A conversation stopper hangs on the lobby wall in the complex where I live. I walk by it every day on my way to pick up my mail, but deliberately stand with my back to it as I wait for the elevator.
It’s a television monitor tuned nonstop, day and night, to a cable news station not known for its objective reporting. I try to ignore it, but sometimes I get on the elevator, muttering under my breath about something I couldn’t tune out—if I’m alone, of course!
I watch as others’ faces reflect the same tension. A few years ago, we might have commented on the wildfires on the West Coast, the stock market, or other news depicted on the screen. Now we stand in silence at the elevator, nervously sifting through the mail in our hands. Suddenly junk mail about my need for a perfect mattress or a new dentist in town absorbs my attention! No one wants to comment about the constant news stream because we can’t be sure of anyone’s political perspective. Weather is about the only safe topic we Minnesotans can fall back on.
This same tension pervades our whole nation—in the workplace, in churches, on school campuses, even in family gatherings. If you are sure someone agrees with you politically, you breathe a sigh of relief and relax. You might even talk about current political scenarios. But you do so with great care because the divides are growing deeper and the conversations more toxic.
How does one represent Christ well in the midst of such turmoil—even hatred? How can we remain friends with those who disagree with us—sometimes violently? In the context of such toxicity, how can the gospel be considered relevant? Even if our only desire is to live consistent with biblical values and completely avoid the political scene, the divisive rhetoric attacks every command we believe God has given to His Church.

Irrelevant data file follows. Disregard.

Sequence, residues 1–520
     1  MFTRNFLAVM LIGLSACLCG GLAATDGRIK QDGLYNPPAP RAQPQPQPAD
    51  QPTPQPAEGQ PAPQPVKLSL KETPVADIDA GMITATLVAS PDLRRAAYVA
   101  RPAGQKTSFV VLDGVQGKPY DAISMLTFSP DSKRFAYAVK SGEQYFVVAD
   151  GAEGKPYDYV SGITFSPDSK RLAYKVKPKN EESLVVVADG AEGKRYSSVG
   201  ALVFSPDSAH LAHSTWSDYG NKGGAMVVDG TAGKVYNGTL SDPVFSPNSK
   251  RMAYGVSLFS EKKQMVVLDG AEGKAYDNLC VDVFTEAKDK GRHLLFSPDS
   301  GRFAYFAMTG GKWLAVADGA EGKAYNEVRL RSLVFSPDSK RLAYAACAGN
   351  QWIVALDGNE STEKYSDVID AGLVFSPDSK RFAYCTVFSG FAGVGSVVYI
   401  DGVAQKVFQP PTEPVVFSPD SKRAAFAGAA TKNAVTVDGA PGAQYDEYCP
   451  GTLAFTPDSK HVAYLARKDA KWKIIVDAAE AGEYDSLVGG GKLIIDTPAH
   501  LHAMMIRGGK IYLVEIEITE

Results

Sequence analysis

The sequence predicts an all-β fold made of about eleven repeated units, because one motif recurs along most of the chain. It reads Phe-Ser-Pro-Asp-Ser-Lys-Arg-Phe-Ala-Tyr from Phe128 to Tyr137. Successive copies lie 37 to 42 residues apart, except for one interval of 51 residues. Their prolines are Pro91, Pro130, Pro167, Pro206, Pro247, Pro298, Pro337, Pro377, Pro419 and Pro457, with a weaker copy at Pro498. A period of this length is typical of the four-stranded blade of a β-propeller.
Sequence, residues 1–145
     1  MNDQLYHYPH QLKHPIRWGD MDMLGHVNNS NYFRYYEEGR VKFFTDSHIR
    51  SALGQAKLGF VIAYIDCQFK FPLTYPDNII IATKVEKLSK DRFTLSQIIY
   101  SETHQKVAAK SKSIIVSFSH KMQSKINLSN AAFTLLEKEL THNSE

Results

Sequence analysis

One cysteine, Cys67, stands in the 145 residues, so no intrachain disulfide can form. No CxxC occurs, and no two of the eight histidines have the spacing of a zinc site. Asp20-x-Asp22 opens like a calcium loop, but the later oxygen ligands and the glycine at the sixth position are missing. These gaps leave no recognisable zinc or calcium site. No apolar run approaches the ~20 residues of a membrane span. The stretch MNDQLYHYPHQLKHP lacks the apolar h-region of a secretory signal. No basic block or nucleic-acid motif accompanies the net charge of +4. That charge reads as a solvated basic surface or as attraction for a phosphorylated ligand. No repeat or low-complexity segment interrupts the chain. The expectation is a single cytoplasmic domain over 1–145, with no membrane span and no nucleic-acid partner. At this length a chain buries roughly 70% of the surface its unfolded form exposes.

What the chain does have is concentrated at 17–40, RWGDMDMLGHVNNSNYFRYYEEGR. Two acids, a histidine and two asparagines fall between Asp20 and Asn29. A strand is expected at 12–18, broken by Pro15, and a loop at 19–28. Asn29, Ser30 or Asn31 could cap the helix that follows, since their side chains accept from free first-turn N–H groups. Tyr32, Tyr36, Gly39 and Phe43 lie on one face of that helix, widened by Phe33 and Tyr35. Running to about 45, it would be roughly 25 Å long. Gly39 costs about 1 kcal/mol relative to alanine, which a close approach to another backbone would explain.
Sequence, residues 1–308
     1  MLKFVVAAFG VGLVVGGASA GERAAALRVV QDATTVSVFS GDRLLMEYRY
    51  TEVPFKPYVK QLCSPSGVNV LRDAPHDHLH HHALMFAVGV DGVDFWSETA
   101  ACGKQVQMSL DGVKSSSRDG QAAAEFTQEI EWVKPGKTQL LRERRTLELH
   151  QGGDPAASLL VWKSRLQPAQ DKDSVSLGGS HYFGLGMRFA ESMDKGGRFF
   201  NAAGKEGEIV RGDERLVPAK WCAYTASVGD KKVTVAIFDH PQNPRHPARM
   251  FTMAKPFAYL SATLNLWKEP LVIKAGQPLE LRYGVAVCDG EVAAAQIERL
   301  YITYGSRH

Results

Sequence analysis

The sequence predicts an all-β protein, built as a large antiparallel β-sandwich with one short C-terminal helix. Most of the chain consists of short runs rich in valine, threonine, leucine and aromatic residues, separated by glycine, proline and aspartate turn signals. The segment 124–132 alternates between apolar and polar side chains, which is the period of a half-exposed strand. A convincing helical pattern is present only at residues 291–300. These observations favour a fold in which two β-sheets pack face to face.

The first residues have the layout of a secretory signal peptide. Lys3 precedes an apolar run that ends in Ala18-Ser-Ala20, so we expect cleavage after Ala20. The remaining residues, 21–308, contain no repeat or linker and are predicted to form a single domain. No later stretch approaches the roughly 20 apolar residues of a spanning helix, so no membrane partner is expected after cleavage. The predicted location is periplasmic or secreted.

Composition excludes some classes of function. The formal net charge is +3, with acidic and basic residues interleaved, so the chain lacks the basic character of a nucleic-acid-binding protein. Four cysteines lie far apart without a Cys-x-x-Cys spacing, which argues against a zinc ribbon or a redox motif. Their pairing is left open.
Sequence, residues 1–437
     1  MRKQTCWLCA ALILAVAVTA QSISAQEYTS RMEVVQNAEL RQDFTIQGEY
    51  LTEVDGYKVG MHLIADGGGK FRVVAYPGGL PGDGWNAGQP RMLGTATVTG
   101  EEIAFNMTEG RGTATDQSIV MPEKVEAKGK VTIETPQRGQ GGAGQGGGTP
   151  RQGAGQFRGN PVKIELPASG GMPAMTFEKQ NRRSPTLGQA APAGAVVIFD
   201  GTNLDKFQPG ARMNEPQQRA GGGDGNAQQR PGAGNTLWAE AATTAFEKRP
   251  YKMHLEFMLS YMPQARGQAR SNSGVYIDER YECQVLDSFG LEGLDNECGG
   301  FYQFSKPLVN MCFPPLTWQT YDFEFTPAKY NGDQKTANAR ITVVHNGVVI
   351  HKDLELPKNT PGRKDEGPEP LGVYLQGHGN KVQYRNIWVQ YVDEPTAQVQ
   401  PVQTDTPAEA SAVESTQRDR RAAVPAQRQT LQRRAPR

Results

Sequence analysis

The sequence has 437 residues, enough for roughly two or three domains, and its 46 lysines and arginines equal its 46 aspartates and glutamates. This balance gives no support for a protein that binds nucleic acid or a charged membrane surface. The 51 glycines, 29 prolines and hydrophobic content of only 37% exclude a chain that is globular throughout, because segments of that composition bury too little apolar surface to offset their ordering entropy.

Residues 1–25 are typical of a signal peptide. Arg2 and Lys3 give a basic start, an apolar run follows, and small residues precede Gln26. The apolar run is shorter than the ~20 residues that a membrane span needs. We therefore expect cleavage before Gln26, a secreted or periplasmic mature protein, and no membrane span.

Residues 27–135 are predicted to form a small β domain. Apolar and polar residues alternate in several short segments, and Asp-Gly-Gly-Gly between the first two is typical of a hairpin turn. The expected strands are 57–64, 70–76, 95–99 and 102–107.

Desperate, Discerning Prayer
The apostle Paul knew quite a bit about living in a culture filled with turmoil and opposition. He offered godly wisdom to the Colossians, a church under attack from the infiltration of false teachers:
Devote yourselves to prayer, being watchful and thankful. And pray for us, too, that God may open a door for our message, so that we may proclaim the mystery of Christ, for which I am in chains. Pray that I may proclaim it clearly, as I should. Be wise in the way you act toward outsiders; make the most of every opportunity. Let your conversation be always full of grace, seasoned with salt, so that you may know how to answer everyone (Col. 4:2–6).
Paul doesn’t shy away from the gospel. He encourages conversation full of grace. And he frames it all with desperate, discerning prayer.
In this issue, David Kubal reminds us that, in our tense world, anger belongs to the Lord. His practical intercession points demonstrate that people of prayer help shape a nation’s destiny. Kay Horner uses the backdrop of Lamentations to demonstrate that we are never without hope. Although our nation faces great challenges, God calls us to persevere in prayer. And Mercy Alarid warns us to avoid getting caught up in friendly fire against fellow believers. We need to know our true enemy!
By the way, I do try to engage my neighbors in the elevator. I find people are drawn to a smile and an interest in knowing their names. But I pray for an extraordinary season of revival and spiritual awakening that draws all of us to Jesus and His truth!
CAROL MADISON is editor of Prayer Connect and author of Prayer That’s Caught and Taught.